I came across this DVD on the clearance shelves at Half Price Books a while back, and when I saw that it was based on a novel by Gil Brewer, of course I had to buy it, even though I didn't even know such a movie existed before that.
And since I had a copy of the source novel, WILD TO POSSESS, and hadn't read it yet, the idea occurred to me to read the book, write a Forgotten Books post about it, and then watch the movie and follow up the next Tuesday with an Overlooked Movie post. It made for an interesting experience.
If you read last Friday's post, you'll recall that the protagonist of WILD TO POSSESS, Lew Brookbank, who is on the run from the law for a murder he didn't commit, stumbles onto an entirely different kidnap/murder scheme hatched by a couple in the town where he's sort of hiding out. Lew decides to invite himself in on the plan, save the would-be victim, and snag the ransom money for himself. Needless to say, Lew's decision is not a good one.
THREE WAY retains that basic structure but makes lots of other changes, beginning with updating the action from the Fifties to the present day, which is something I'm not fond of, and moving the setting from
to Florida . Some of the characterizations are changed as well, and the ending is considerably different. However, for a script based on a complicated novel, THREE WAY is a fairly accurate adaptation, more so than a lot of movies I've seen. If you hadn't read the book, you'd never know that the original story was different, and most of the new stuff works okay. The new ending, however, makes very little sense. California
The problem I have with this movie is that the execution isn't quite there. Sometimes when I watch a new Western, I find myself thinking that the people who made it really wanted to make a good Western, they just didn't quite know how because they didn't grow up watching good Westerns. Things are just slightly off. That's how I felt about THREE WAY. The filmmakers wanted to make a good film noir (and choosing a Brewer novel to adapt is a fine start), but just missed. For one thing, having the characters say "fuck" all the time doesn't make a movie noir. And it doesn't help that the protagonist is even less likable in the movie than he is in the book. Lew Brookbank in Brewer's novel is a loser who puts himself in a bad situation, but he's not a criminal with a violent past, as the character is in the movie.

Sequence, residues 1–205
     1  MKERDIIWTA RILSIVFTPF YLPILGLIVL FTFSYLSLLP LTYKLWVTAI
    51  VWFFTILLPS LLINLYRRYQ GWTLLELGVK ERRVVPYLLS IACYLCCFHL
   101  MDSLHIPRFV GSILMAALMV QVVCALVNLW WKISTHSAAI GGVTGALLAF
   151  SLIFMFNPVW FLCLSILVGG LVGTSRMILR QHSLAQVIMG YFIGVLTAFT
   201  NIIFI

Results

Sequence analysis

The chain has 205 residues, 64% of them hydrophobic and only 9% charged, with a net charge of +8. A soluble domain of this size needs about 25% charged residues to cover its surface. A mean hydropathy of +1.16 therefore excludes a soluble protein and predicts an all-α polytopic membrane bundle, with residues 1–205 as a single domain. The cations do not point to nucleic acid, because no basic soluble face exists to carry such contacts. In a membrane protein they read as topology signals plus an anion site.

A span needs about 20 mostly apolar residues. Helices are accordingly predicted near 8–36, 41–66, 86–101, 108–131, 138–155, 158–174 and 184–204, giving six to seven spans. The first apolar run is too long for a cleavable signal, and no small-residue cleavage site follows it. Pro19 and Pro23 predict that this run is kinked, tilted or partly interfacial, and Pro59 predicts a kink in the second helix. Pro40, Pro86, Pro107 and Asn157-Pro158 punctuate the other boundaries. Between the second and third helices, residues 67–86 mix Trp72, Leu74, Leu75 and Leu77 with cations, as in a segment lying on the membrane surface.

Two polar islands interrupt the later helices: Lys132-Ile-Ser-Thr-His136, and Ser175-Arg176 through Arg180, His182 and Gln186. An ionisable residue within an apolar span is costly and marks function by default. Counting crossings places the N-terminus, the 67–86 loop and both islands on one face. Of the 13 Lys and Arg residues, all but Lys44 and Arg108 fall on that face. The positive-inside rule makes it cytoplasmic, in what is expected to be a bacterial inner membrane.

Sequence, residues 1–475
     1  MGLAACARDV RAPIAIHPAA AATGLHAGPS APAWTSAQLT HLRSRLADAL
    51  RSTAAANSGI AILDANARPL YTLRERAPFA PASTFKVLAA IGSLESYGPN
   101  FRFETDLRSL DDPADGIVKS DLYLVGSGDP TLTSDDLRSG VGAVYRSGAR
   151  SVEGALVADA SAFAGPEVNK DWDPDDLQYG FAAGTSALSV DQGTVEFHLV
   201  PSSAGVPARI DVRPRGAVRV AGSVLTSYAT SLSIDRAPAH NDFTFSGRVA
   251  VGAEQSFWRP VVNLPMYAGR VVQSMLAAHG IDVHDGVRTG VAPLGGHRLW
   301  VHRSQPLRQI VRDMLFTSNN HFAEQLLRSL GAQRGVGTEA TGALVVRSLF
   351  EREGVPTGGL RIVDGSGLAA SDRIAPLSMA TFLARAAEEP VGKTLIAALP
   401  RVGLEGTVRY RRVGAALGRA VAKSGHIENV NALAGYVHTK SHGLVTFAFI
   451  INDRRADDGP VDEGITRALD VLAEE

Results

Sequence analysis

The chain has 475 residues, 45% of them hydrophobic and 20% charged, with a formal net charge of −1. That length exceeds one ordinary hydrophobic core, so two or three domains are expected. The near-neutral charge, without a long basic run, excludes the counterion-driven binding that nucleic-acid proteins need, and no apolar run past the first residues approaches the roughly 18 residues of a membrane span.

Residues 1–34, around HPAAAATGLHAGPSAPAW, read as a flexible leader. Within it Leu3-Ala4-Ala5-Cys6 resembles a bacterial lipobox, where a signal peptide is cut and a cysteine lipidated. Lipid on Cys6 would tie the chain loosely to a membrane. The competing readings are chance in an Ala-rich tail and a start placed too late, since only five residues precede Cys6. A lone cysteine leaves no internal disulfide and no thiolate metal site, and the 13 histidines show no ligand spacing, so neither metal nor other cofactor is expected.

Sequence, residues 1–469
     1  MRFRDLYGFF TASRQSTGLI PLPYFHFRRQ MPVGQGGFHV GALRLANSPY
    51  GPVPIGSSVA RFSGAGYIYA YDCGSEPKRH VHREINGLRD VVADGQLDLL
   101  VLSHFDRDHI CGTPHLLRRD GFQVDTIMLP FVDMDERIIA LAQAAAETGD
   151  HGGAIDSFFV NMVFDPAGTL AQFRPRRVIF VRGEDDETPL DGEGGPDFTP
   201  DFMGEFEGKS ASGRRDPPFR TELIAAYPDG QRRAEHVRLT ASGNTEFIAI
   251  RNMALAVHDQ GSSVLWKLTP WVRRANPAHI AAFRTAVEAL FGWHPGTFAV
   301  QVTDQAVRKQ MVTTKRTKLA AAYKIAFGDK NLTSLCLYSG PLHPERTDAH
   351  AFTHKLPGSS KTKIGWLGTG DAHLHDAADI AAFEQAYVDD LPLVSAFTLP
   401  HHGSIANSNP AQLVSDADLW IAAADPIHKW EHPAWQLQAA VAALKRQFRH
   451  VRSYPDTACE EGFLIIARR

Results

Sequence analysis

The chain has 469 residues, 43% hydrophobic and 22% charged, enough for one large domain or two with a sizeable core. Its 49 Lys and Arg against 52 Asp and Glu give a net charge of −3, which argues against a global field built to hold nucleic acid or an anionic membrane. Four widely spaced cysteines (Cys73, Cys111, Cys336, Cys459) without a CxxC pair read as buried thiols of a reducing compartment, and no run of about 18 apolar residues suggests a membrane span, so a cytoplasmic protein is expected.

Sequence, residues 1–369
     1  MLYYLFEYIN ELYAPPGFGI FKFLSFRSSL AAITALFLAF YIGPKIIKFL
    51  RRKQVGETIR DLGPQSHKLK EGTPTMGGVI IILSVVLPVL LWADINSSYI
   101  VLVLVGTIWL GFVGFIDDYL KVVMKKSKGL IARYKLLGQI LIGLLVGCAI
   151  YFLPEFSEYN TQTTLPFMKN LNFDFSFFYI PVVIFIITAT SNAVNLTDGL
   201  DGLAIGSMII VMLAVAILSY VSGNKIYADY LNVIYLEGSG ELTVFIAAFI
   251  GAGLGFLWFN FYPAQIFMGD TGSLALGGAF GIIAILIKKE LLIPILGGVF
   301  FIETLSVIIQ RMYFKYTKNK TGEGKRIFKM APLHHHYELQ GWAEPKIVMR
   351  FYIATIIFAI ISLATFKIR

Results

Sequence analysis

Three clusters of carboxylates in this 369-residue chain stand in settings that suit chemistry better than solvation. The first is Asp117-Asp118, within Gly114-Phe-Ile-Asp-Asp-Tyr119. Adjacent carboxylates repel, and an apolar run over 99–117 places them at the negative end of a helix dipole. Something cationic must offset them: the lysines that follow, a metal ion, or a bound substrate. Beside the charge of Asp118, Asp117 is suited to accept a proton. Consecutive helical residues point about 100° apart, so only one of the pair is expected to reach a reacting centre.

After all that complaining, I need to mention some positive things about THREE WAY. The cast is pretty good for the most part. Dominic Purcell, who plays Lew, starred in JOHN DOE and PRISON BREAK on TV, and while I didn't care for the changes in his character, his performance is solid. Ali Larter, pre-HEROES, is a pretty good femme fatale. Gina Gershon, as the kidnap victim, is fine when she's on-screen, but that's only about ten minutes. And good old Dwight Yoakum is a sleazy villain, just as you'd expect.
The lone extended scene featuring gratuitous nudity, for those of you who care about such things, is actually pretty boring.
So is THREE WAY worth your time? It is if you're a Gil Brewer fan. If you've read WILD TO POSSESS, you really ought to watch it, if for no other reason than as a good example of a film adaptation that gets some things right and some things wrong. If you've never read the book, it's still a watchable enough way to spend an hour and a half, but just barely. One of these days somebody will make a movie from a Gil Brewer book that's set in the Fifties and follows the book closely, and a handful of us will love it. Everybody else in the world will yawn, and the movie will tank at the box office, ruining the careers of the people who made it.
Just the sort of noirish outcome you'd expect, eh?